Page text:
She wasn't thin, she wasn't young (not at the height of her fame anyway), and she wasn't particularly beautiful, yet there's no denying that Mae West was a true sex symbol in her day.
What do you make of Brooklyn-born Mae West -- actress, playwright, singer, comedian, sexual trailblazer?
Many excellent biographies of Mae West have been written in the last decade and she wrote her own autobiography in the late Fifties, Goodness Had Nothing to Do With It. Outspoken about female sexuality (and sexuality in general), she was a feminist before feminism had a name. And yet, especially toward the end of her life, she seemed trapped in the campy caricature she herself had created -- the raunchy, ever-sexually-available woman.
Apart from her movies, the best of which were made in the Thirties for Paramount, she's best known for her endless witticisms, among them, “Good girls go to heaven, bad girls go everywhere," “I used to be Snow White, but I drifted,""It's not the men in your life, it's the life in your men," and “When I'm good, I'm very good, but when I'm bad, I'm better. ”
Mae started performing around 1900 and was still performing in the Nineteen-Seventies! To see Mae West in her last film, Sextette, however, wig piled atop wig, is to watch someone who seems to have lost perspective on how they come across. In her mind, she never changed -- which in one way (her taste) was true, but in another (her allure) was terribly false. I guess you can argue that it's heroic that she never dropped the mask in public; I'm not so sure.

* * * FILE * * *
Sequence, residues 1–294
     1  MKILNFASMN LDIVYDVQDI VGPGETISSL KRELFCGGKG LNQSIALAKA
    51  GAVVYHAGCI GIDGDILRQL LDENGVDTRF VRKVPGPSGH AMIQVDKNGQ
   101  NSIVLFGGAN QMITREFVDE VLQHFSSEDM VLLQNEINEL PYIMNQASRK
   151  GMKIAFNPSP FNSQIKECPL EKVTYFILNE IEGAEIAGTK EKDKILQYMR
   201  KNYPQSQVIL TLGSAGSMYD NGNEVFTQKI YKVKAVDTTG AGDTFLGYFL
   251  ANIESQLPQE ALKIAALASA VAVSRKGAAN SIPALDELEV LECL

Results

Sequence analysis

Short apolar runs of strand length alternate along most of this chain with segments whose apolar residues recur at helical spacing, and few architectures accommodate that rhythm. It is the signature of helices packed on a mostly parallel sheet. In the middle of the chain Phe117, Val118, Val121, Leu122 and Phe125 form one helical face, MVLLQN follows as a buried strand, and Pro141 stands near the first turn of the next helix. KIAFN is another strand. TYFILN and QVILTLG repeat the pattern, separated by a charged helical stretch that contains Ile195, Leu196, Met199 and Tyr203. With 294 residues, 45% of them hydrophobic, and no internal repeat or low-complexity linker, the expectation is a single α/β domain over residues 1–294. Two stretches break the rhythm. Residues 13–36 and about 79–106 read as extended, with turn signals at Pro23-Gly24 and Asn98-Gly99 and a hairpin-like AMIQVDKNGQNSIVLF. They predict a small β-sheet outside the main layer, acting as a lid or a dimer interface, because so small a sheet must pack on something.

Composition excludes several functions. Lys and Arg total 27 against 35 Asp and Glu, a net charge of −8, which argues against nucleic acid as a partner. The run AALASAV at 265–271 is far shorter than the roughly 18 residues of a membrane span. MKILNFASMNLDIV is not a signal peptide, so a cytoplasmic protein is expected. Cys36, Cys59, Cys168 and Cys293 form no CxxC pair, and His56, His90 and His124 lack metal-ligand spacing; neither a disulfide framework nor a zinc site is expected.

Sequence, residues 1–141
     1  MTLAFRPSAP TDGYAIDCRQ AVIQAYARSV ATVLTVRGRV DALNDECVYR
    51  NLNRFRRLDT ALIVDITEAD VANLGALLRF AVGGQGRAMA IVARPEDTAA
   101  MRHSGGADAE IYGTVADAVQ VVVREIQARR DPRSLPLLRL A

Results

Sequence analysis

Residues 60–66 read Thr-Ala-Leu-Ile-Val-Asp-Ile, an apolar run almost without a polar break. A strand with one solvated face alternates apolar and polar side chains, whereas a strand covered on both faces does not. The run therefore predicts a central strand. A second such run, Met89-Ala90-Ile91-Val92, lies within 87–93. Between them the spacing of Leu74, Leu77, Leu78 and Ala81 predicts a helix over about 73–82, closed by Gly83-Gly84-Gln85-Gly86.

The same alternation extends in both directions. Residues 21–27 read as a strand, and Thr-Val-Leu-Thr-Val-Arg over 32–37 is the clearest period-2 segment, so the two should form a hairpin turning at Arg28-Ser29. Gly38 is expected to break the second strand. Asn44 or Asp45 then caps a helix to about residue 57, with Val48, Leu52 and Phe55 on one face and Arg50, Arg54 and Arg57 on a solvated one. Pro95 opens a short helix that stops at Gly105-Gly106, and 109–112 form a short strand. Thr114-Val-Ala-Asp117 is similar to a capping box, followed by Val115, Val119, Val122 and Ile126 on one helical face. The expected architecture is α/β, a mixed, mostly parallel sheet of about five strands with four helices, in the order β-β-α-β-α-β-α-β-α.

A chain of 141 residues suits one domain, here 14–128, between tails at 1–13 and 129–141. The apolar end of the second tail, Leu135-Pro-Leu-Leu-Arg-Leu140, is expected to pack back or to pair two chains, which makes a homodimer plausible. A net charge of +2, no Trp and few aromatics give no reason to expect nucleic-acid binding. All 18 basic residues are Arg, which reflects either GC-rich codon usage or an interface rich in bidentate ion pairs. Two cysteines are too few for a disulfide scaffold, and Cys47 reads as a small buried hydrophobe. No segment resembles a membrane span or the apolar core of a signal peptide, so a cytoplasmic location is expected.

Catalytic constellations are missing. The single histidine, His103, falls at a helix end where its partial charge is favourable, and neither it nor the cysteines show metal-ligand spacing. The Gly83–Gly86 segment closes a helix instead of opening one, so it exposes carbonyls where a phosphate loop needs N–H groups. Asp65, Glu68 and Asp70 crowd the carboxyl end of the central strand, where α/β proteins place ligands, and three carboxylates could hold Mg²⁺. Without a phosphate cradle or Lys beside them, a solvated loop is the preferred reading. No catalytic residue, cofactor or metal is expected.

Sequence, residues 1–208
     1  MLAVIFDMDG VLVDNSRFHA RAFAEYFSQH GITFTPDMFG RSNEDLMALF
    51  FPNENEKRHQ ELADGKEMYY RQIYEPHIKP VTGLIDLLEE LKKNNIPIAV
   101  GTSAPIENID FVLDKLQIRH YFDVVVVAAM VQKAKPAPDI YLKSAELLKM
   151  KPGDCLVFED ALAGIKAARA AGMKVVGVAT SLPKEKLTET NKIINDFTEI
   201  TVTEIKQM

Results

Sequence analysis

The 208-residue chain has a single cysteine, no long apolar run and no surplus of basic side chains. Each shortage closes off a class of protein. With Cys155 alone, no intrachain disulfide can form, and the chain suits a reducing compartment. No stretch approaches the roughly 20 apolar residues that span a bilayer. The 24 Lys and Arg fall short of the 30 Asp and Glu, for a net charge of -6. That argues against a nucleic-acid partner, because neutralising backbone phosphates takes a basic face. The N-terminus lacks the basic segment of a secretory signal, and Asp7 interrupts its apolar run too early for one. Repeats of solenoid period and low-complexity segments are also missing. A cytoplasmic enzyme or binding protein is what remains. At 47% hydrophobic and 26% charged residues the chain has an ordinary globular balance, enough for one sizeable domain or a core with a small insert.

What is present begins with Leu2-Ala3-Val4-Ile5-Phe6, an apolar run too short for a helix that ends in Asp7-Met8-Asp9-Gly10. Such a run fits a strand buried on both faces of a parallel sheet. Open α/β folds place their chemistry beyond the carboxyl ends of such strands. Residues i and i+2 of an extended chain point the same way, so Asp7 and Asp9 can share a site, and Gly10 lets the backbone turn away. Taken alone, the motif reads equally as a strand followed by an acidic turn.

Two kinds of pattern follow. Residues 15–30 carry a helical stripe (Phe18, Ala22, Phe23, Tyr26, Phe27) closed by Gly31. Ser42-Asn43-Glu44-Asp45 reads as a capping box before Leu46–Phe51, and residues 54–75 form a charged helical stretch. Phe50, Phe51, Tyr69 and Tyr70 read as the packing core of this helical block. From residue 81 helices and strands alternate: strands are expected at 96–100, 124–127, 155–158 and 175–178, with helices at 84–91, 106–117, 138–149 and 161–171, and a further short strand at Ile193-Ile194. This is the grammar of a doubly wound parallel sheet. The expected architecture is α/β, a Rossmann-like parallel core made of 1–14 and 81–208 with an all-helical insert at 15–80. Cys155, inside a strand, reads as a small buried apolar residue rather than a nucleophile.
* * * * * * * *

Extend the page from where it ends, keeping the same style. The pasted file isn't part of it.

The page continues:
I love Mae West, and in her early films she seems more like a real person than the lip-smacking, hip-rolling stereotype she became. Before the so-called Hays Code in 1934 forced her to censor her more explicit material (which she wrote herself) she was one-of-a-kind bawdy. She was still one-of-a-kind after 1934, but tamed, she was much less fun. She eventually stopped working in films to perform on stage in successes like Catherine Was Great (she played Catherine). She also had a touring stage show with loincloth-clad musclemen and was an occasional guest star on TV (Mr. Ed), usually playing herself. Her return to films in Myra Breckinridge in 1970 was a big comeback for her, and she was back in the limelight till the end, recording albums of rock music (The Doors!), giving interviews, and promoting new projects.
Mae nearly always appeared in spangly Gay Nineties-inspired gowns or variations thereof -- many designed by Paramount costume designer Edith Head -- that showed off her hourglass figure. Ostrich plumes, sequins, and huge hats were all part of the look that she stuck with throughout her career. She wasn't a tall woman, and she wore shoes like these for extra height, hidden under her gown. Can you imagine?
I have a wonderful Mae West giveaway today for all you Mae West fans out there, the Mae West Paper Doll book by Tom Tierney. It's full of beautiful color illustrations (and detailed information) of many of her most famous costumes from stage and screen, as well as biographical information about Mae herself.
If you'd like to be considered for the Mae West giveaway, just leave a comment below before Wednesday at midnight, EST. I'll announce the winner on Thursday, December 15, and will try to ship it out to you in time for Christmas. (If you want to comment but don't want to be entered in the giveaway, just let me know.)
What are your thoughts about Mae West? Do you find her inspirational and empowering, or embarrassing? Role model or relic?
Here's Mae still going (semi) strong, somewhere in her mid Eighties, speak-singing Captain and Tennille as only she could.